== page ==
Consider some of the recent and outstanding claims against the biggest six firms. In Miami last August a jury ordered BDO Seiman to pay $521m in damages for its negligence in a Portuguese bank audit; almost as much as the firm's estimated revenue for that year. In the US, banks and the shareholders of banks are perfectly prepared to go after auditors, and when they win they tend to win big. Note than when Her Majesty's Treasury hired the BDO's valuation partner Andrew Caldwell for the controversial Northern Rock valuation, they hired the man and not the firm. The firms are already worried enough about litigation.

KPMG provides a clear example of how the credit crunch might cull the Big Four. The firm was already looking vulnerable before it hit: there was the 2005 'deferred prosecution' agreement with the New York Attorney's Office, the damning German probe into the Siemens bribery scandal, a lawsuit from superconductor company Vitesse for 'audit failures' and a minor fine from the UK's Joint Disciplinary Scheme (JDS) for allowing fraud to occur at Independent Insurance (it may only have been half a million, but it was the JDS' biggest fine to date). But when the subprime problems of US lender New Century enter the picture, the damages involved escalate drastically.

An independent report commissioned by the US Justice Department has already concluded that KPMG either helped perpetrate the fraud at the mortgager or deliberately ignored it. Class-action lawsuits are already pending. Only weeks before the report was published the US Supreme Court's Stone Ridge ruling immunised third party advisers like accountants and bankers from the disgruntled shareholders of other entities, but that may be not much of a shield. Of course, New Century might not be KPMG's biggest problem. That's probably the Federal National Mortgage Association, or Fannie Mae.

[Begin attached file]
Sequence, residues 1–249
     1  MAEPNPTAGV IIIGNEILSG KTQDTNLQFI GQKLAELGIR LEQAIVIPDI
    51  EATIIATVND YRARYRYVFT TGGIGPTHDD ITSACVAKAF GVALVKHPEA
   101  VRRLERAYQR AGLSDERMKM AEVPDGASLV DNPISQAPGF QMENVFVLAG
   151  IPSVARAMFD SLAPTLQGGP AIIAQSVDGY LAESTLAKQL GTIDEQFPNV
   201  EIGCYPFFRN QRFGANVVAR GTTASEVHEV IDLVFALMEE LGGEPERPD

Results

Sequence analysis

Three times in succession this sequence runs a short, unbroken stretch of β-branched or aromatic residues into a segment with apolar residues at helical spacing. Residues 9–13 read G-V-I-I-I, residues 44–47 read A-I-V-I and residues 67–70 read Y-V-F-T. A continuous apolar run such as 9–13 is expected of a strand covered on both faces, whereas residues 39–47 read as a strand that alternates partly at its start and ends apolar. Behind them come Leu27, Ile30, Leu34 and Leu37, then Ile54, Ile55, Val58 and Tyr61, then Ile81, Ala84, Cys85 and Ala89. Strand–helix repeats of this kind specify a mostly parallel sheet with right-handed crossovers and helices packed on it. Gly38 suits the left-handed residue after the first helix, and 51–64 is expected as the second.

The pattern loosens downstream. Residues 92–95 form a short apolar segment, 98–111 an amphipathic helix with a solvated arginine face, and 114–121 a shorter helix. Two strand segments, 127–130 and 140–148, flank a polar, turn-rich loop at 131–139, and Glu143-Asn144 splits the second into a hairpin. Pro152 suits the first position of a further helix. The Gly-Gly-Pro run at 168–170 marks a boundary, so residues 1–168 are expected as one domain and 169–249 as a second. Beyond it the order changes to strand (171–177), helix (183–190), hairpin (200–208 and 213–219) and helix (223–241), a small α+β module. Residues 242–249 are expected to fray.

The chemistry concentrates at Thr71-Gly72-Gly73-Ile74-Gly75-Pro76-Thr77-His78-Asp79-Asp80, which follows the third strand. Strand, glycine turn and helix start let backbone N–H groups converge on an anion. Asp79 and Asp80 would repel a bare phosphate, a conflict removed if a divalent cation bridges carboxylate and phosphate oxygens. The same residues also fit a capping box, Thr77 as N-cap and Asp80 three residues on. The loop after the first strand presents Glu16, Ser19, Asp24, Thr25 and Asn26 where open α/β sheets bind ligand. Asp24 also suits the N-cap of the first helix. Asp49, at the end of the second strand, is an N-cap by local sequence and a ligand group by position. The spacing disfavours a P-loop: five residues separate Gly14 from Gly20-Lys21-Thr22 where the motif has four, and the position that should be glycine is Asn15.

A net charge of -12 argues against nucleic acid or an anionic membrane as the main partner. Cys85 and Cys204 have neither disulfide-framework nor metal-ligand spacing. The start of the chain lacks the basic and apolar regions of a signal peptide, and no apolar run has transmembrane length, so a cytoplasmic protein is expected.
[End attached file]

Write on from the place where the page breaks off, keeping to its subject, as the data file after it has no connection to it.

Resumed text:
Fannie Mae initiated litigation way back in 2006, and is trying to reclaim more than $2bn from its old auditors (the lender has already agreed to pay the SEC $400m). KPMG's defence so far has been one of complete innocence, asserting that Fannie Mae successfully hid all evidence of anything untoward. Now the FBI is investigating the mortgage lender, such a position will have to be abandoned if incriminating evidence turns up. Ostensibly, the Federal investigation relates to Fannie Mae's relationship with ratings agencies, but you never know what will fall out of the closet.

So KPMG is in a spot of bother, but it's not alone. Ernst and Young will almost inevitably see itself in court over the demise of its audit client Lehman Brothers. Similarly, PricewaterhouseCoopers is surely going to feel some heat for its auditing of what was once the world's largest insurance company, AIG, assuming the Northern Rock Shareholders Group doesn't take a pop at it first.

"It's not that the Big Four are 'too big to fail'," as International Herald Tribune Columnist Jim Petersen put it. "They can fail, and there is nothing on the table to save them."